The Next Big Thing
For the last few years, the genre has been looking at its watch like a commuter waiting on a late bus. There have been heavy sighs, of course, and glimmers of false hope where it looked like the bus was about to arrive, then turned out to be nothing but a stretch Hummer or a really flashy sportscar. Despite the fact that the Last Big Thing has finally petered out (quick -- name the last time you picked up a cyberpunk novel and firmly believed that fresh ideas would be held within?), the Next Big Thing has continually failed to arrive on schedule.
With the publication of David Marusek’s Counting Heads, the bus is here. And now I should slip in a metaphor about jumping on board and paying your fare, but I think I may have overplayed this literary device. In short, Heads, in the best way possible, is unlike most of what’s out there. That’s not to say that it doesn’t contain some of the tropes of other genre works -- like nanotech, oppressive governments, and virtual constructs -- it’s that Heads crunches them up and spits out something unique. It is visionary. It is goosebump inducing. It is challenging. It is just plain, stay-up-all-night-to-finish it good.
Marusek has been hovering on the radar for ten-ish years, but his output had mainly been short stories like Sturgeon Award-winning “The Wedding Album” and the wonderful “Cabbages and Kale, or How We Downsized North America.” When not writing short stories, Marusek earns his keep by designing brochures, which his website assures us is still the case, and teaching others how to do the same. Publishing his first piece of book length fiction, while much anticipated and deliciously devoured, hasn’t ameliorated his need to buy things like food.
It may not be long, however, before Marusek can make his living from book sales. He may not choose to, of course, but the option may provide itself if word spreads about how good this book is. While I don’t want to disappoint any future readers by overhyping Heads -- I mean, at a certain point, it’ll be impossible to fulfill the expectations that too much hype would create -- I also don’t want to err in the other direction, otherwise you may miss something great.
Marusek’s prose is fun, but betrays no great stylish choices of words or syntax. You’ll find no defining lines like this one from Neuromancer, the book that defined the last big thing; no sky in Heads resembles a TV tuned to a dead channel. What is most noticeable about Marusek’s text is the humor, which isn’t the sort to bash you on the head to make sure you get the joke. It’s more an environmental whimsy, like this passage: “My first professional design was the old box-in-a-box routine, only my boxes didn’t get smaller as you opened them, but larger, and in fact could fill the whole room until you chanced upon one of the secret commands, which were any variation of 'stop' (whoa, enough, cut it out, etc.) or 'help' (save me, I’m suffocating, get this thing off me, etc.)”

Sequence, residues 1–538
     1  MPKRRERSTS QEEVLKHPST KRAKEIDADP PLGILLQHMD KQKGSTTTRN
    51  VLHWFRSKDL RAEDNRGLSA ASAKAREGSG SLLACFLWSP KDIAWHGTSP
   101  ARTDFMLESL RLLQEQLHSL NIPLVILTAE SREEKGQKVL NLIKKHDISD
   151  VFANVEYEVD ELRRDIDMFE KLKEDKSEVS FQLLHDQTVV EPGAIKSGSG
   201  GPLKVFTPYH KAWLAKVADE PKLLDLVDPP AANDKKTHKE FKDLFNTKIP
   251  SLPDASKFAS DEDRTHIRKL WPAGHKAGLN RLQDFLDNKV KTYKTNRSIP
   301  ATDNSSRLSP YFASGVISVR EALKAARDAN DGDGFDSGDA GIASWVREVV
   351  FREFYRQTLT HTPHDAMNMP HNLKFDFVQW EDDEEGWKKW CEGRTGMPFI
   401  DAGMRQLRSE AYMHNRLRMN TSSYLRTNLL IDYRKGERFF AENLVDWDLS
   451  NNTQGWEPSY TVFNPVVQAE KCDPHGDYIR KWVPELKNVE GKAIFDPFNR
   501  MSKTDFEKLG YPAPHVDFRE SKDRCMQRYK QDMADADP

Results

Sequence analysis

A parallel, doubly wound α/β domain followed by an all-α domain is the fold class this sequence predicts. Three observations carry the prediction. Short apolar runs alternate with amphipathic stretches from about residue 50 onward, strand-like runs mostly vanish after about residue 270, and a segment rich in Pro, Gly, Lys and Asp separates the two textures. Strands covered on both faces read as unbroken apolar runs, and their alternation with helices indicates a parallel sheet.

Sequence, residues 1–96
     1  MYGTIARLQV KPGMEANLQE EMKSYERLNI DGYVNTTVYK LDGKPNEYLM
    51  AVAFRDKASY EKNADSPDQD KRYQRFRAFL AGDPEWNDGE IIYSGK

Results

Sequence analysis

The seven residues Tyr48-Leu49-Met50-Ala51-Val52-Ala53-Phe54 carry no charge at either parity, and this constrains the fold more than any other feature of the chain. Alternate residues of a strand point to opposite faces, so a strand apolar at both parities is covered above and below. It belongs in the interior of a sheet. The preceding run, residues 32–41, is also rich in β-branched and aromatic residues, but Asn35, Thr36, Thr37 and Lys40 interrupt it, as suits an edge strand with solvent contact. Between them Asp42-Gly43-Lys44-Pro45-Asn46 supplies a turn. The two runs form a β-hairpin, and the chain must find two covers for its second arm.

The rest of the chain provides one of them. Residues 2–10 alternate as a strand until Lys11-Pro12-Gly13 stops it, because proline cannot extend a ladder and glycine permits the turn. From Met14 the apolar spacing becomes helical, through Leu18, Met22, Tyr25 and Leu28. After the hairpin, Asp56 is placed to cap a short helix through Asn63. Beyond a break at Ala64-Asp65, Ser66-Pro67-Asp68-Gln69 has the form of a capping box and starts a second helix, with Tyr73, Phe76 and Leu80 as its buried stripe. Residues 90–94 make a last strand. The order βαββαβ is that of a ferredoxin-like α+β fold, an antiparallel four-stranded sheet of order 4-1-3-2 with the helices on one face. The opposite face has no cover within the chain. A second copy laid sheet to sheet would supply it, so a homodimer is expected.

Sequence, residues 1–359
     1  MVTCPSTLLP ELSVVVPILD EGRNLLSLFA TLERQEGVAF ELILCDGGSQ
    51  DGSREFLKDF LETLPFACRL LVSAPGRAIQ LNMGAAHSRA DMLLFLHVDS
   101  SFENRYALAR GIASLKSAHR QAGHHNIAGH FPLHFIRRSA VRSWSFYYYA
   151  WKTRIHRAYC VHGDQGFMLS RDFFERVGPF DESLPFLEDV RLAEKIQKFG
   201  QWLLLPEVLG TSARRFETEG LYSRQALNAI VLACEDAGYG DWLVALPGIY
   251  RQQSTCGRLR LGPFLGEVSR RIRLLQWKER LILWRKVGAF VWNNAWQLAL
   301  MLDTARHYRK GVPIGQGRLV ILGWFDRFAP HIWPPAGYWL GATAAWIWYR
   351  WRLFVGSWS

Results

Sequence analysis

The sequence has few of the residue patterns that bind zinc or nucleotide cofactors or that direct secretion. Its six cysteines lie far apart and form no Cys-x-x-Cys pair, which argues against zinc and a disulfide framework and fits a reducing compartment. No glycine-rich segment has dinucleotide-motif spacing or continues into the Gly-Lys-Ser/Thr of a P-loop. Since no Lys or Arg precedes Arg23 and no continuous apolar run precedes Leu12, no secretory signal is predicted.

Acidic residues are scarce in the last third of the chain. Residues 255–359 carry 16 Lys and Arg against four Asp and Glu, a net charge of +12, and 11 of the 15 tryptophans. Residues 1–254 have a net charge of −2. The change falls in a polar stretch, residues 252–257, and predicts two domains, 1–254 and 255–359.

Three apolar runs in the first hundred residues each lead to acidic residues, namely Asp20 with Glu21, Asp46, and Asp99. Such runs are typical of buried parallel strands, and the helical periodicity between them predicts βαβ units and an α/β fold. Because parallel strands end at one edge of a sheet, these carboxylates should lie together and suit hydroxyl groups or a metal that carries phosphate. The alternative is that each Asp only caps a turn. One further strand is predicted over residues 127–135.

Again, it’s not fall-down funny, but this and many more paragraphs similar to it betray a certain lighthearted glee at putting words in a row.
The science fiction bits aren’t what make Heads feel so fresh either. Most of the tech whizbangs -- like cryogenics and nanotech and clones and rogue AI -- aren’t new. But what makes them vital is the way that the characters exist with them. There is no sense that all of these advances have made people of the future less than human. In fact, they almost feel more human somehow, as Marusek’s use of technology makes people more vulnerable rather than less. I suspect that, in 30 years, Heads will feel as prescient as Heinlein or Asimov when it comes to describing governments of the future and their increasingly intrusive observations of our lives.
And it’s the lives that really matter here. Marusek weaves a series of complicated storylines into a seamless whole without ever making his characters into mere ciphers in a metronome-like plot. Tales of a lost, frozen head inform a larger story about an old coot who wants to off himself in a spectacular manner. Running alongside is a clone in crisis and a virtual assistant in chaos. The stories feel organic, as if they weren’t planned so much as allowed to bud like yeast. Heads, however, doesn’t suffer from the plot-drift that usually trips up other organic storytellers. Instead, the story moves like a Japanese bullet train without ever feeling forced. For that alone, Heads would be worth reading as an exercise in how a book should be structured in order to make the story pop and jive.
But there is more to Heads than its plot and characters. Something larger is at work here, some ineffable something that makes it resonate. It’s hard to pin down, though, and I lack a suitably catchy name for the territory that Marusek is mapping. I’d like to stay away from the whole “cyber-“ prefix, simply because it has gotten tired. Likewise “-punk,” which Marusek isn’t. “Virtumanity?” “Futuregeist?” “George?” Catchy nomenclature escapes me. The ability to spot amazing work does not.